Today we celebrate the birthday of Charles F. Blair, an aviator made famous by his solo flight over the North Pole, whose real accomplishment is often overlooked.
Blair was a pilot for commercial airlines including United Airlines, Pan American Airlines, and American Export Airlines (which later became American Overseas Airlines). While working as a commercial pilot, Blair would become bored on long flights and decided to teach himself celestial navigation for the fun of it.
One evening at a bar, Blair made a bet that would change the course of his career. He was hanging out with Air Force crew members who were involved in mapping the fastest route to the Soviet Union during the Cold War. At the time, flying over the North Pole to reach the U.S.S.R. was a difficult feat that required three navigators and a thousand pounds of navigational equipment. Blair knew he could do better.
Blair bet the crew members that he could make a flight from Norway to Alaska with just a $12 surplus astrocompass in a P-51 Mustang. On May 29, 1951, Blair set out in his single-seat P-51 (renamed the Excalibur III) and made his 3,260-mile, record-setting flight from Norway to Alaska.
Blair’s stunt was a major success, and signified to the U.S. military that there were some big changes to be made to current navigation systems.
As a civilian, Blair became an active duty colonel in the Air Force and was assigned to the task of taking a jet fighter plane and turning it into a long-distance nuclear delivery system that the U.S. could use against the Soviet Union.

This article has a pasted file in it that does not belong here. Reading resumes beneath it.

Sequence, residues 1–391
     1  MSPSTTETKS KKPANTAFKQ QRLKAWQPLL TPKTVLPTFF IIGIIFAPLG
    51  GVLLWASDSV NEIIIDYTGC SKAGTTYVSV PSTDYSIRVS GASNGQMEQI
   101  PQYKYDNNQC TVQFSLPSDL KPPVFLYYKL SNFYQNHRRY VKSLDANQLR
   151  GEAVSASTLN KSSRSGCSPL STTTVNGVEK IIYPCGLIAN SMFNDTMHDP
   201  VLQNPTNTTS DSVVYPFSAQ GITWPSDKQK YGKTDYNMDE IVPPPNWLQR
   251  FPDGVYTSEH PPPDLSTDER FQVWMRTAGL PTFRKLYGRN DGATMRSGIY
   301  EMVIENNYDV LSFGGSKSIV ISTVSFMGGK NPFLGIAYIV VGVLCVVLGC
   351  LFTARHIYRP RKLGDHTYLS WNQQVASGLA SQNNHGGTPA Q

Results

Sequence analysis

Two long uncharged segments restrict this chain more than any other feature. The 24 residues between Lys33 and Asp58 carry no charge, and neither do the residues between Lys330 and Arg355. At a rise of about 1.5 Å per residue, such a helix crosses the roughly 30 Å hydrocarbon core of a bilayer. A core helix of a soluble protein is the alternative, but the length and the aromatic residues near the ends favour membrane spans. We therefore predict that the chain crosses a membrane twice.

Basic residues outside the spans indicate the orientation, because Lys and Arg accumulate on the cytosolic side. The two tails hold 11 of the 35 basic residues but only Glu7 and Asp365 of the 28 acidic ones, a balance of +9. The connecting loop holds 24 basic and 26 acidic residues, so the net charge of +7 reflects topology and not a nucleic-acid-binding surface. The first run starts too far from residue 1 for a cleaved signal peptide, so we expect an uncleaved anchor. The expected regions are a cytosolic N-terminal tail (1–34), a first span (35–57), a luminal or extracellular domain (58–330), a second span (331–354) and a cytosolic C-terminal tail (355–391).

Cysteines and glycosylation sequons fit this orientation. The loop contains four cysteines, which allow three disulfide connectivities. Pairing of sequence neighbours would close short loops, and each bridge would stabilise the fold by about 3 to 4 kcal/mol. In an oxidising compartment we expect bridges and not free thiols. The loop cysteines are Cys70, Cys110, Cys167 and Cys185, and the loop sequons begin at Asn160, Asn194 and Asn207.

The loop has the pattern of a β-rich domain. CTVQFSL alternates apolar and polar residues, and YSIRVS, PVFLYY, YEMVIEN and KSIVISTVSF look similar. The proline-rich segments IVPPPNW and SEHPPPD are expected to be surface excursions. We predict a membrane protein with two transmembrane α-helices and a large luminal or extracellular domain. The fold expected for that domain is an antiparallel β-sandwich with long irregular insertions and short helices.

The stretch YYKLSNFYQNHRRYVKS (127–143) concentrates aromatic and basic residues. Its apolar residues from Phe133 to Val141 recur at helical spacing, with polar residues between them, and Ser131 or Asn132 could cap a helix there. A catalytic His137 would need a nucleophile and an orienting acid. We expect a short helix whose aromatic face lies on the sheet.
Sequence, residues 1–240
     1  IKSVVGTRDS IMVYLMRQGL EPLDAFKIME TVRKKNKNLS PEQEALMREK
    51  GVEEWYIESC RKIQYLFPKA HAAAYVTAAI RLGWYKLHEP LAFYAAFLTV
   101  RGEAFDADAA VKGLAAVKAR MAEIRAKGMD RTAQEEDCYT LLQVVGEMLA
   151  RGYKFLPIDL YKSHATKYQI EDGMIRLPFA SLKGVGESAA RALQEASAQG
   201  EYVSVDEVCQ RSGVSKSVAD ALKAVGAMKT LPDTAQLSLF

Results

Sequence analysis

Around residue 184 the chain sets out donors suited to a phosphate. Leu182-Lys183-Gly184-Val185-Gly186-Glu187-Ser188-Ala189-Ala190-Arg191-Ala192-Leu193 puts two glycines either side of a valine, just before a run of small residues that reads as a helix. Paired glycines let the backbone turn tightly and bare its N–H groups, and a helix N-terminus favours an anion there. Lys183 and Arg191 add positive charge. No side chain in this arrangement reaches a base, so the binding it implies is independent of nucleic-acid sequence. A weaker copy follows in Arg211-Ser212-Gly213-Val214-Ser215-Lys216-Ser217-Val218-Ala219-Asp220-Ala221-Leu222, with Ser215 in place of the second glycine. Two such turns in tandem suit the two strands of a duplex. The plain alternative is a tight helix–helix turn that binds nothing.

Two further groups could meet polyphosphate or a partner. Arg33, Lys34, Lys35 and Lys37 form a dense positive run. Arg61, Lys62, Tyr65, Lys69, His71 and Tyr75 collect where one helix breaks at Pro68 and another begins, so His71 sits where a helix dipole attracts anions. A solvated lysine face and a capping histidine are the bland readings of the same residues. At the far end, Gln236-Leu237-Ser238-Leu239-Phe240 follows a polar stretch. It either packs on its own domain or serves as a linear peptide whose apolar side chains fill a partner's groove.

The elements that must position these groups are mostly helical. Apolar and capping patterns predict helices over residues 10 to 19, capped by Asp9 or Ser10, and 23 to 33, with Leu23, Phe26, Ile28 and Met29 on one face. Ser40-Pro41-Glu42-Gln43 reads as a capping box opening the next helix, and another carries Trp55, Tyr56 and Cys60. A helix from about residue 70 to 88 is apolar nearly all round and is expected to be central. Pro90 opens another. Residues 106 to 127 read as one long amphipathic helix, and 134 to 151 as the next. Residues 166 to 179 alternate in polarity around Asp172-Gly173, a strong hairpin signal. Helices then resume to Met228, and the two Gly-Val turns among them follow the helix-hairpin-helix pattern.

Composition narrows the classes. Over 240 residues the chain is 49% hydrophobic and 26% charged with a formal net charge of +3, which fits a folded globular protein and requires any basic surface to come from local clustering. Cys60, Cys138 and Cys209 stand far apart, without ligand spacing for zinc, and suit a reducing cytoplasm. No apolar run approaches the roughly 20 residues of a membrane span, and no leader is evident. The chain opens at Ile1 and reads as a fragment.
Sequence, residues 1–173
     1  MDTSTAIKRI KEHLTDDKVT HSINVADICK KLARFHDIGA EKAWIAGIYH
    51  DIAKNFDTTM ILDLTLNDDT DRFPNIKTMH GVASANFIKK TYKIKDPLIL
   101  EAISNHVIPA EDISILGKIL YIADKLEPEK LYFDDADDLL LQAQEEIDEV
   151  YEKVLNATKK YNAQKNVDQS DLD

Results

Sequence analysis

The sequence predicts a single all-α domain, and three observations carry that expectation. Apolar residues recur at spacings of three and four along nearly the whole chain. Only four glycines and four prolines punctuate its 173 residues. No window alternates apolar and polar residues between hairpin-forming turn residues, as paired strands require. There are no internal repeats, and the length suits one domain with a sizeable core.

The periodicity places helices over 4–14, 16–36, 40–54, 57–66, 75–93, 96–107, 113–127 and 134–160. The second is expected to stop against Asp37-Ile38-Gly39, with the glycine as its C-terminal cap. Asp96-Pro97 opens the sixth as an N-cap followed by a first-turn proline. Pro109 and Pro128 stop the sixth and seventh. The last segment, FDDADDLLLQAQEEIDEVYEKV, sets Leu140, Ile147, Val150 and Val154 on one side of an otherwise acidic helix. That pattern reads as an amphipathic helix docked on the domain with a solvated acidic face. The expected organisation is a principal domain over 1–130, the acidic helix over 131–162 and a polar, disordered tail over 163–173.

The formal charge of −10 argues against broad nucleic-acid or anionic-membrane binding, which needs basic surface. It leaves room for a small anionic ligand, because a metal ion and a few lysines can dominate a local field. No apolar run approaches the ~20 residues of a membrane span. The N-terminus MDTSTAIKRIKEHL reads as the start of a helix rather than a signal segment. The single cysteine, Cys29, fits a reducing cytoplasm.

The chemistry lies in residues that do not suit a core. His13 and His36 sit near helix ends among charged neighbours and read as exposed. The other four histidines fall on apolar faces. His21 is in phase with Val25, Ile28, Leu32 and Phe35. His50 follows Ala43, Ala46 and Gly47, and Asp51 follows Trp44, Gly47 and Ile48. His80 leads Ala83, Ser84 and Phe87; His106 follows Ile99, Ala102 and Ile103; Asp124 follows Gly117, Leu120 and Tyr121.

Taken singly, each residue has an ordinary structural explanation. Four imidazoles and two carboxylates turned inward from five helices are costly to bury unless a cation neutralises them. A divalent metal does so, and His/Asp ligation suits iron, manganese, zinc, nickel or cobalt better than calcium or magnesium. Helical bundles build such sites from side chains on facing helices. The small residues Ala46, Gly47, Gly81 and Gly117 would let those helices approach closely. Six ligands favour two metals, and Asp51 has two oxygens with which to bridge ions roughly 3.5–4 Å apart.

Blair used two different navigation systems to address this problem. The first was an inertial navigation system, which helped navigate by using a computer, motion sensor, and rotation sensor to calculate the direction and speed of the plane. The other system he worked with was pre-computed navigation astrotrackers. Naval officer and navigation expert P.V.H. Weems worked to create the pre-comp calculations for Blair.
Blair’s dual-navigation systems were never actually used with jet fighters in the Soviet Union, but they were put into place during the Vietnam War in the F-105 Thunderchief. Blair’s navigational systems made it possible to compute a fix to within 100-200 feet. In the pre-GPS era, this kind of technology was revolutionary.
When the U.S. developed the SR-71 Blackbird in 1966, they installed a navigation system like Blair’s, which after the release of Star Wars in 1976, became known as R2D2 for how it rode just behind the cockpit with its sensor looking to the sky. Today only high-end military aircraft still have this system in place so they are still able to operate even if the GPS is destroyed.
While Blair’s solo flight over the pole in itself was exciting, his time in the Air Force developing advanced celestial navigation systems is the legacy that he should be remembered for every July 19th.